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Declaring problems with the neighbours when selling your property

You might think that you don’t have to declare a problem with the neighbours if it’s never been to court. If their dog barks incessantly, but even if  you’ve never complained, you cannot keep quiet and not declare the issue?   When selling a property it is necessary to complete a Seller’s Property Information Form. This requires you to highlight any previous or current disputes with neighbouring properties. However, it also questions whether you know of any issues that could lead to a dispute?  You could find yourself on shaky legal ground if there was an obvious problem that you kept quiet about. By preventing would be buyers from making an informed choice, you’ve effectively committed fraud.  That may seem incredibly unfair if it isn’t your fault that your neighbours are dreadful. However, hiding a problem could mean you face costly legal challenges later on.  An astoundingly high number of people are falling out with their neighbours and ending up in court. A recent survey by Saga found that 28% of the over  50s have been involved in a legal dispute.  Nearly 40% of those clashes related to neighbour and property disputes, such as arguments over boundaries and noise, the study found. In fact, noise is a really common complaint.  A survey carried out by Which? last year found that 60% of people said they’d been irritated by loud neighbourly noises, from raised voices to music.

Resolving these disputes can often be a costly affair when you take legal fees and court costs into account.  However, the cost could be even higher if you’re planning to sell your home. That’s because sellers have to declare any problems they’ve had with their neighbours, even if doing so devalues their property.  How much could a problem neighbour devalue your home and what do you have to declare? If you love money, should you try to get on with your neighbours too?

It is often hard to assess how much a neighbourly dispute might knock off the value of your home. It depends on the kind of dispute you’ve had and whether it’s likely to be an ongoing problem for new owners.  It is impossible to make generalisations about the potential loss of value as it’s hugely dependent on fact and degree.   It’s hard to imagine how distressing that might be for a vendor who’s desperate to get away from such abuse. It also illustrates how difficult it can be to determine exactly how badly a property could be affected; there’s such a huge scale of possible problems. Most people would pull out if there’s a serious dispute, especially in this kind of market. It depends on the property and if it’s unique then you stand more of a chance of selling it. But if you’re buying a house that’s fairly standard then there are plenty of alternatives and most buyers would pull out of the deal.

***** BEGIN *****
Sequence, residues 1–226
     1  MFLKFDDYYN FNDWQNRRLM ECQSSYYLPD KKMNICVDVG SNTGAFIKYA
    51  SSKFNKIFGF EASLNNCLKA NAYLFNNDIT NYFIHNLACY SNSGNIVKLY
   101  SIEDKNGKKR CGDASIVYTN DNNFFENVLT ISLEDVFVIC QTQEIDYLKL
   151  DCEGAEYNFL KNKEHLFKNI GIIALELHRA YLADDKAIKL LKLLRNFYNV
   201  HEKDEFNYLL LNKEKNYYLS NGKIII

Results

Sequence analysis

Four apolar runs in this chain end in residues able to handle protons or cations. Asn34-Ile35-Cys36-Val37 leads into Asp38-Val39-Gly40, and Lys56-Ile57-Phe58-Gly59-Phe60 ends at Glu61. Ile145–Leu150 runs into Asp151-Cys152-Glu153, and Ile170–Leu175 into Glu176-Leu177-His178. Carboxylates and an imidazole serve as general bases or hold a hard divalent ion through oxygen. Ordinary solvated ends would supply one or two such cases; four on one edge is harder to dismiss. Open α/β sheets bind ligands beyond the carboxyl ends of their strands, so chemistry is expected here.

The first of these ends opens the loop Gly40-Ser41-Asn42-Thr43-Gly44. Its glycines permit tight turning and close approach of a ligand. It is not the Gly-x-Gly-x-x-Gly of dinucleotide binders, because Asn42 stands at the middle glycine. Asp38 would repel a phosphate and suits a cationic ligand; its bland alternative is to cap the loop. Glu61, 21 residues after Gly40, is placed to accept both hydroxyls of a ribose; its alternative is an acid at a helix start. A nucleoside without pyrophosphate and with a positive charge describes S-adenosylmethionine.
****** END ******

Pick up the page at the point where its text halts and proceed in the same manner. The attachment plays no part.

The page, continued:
If you’ve bought a property in the belief that there were no problems, and you’ve moved in to discover the neighbour from hell, what can you do?  After all, even if you can live with the issue, you could be hurt financially in the future.  One option is to pursue the vendor for financial compensation, to reflect the loss you will make should you sell.    However, if you can’t bear to live in the house as a result of the problem, the solution becomes trickier.  It might be possible to sell the property on and sue for the difference. You would need to demonstrate that because of the problem, you wouldn’t have purchased the house. Then you could pursue the vendors for the additional costs as well as the reduction in value.

However bad your neighbours may be it is essential to be totally honest with any potential buyers when you come to sell it. If you keep your mouth shut and hope for a quick sale, you could find yourself at the wrong end of an extraordinarily costly legal challenge.  These examples also highlight the importance of fully exploring a neighbourhood before committing to a purchase. One option would be to consider chatting to the neighbours and call in at local shops. After all, this is your home and not just a financial investment with a rising or falling value.

Leon Kaye Solicitors have been established for over 35 years in South West London with offices in Chelsea and Knightsbridge.  We are fully accredited members of The Law Society’s Conveyancing Quality Scheme.  For information on our range of legal services please call us on 020 7228 2020 or 020 7095 0930.